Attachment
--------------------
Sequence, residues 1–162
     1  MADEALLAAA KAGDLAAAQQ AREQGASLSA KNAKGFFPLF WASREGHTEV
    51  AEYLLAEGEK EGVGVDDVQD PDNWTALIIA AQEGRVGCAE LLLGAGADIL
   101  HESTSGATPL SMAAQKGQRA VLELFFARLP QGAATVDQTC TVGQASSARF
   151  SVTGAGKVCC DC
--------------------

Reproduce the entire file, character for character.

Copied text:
Sequence, residues 1–162
     1  MADEALLAAA KAGDLAAAQQ AREQGASLSA KNAKGFFPLF WASREGHTEV
    51  AEYLLAEGEK EGVGVDDVQD PDNWTALIIA AQEGRVGCAE LLLGAGADIL
   101  HESTSGATPL SMAAQKGQRA VLELFFARLP QGAATVDQTC TVGQASSARF
   151  SVTGAGKVCC DC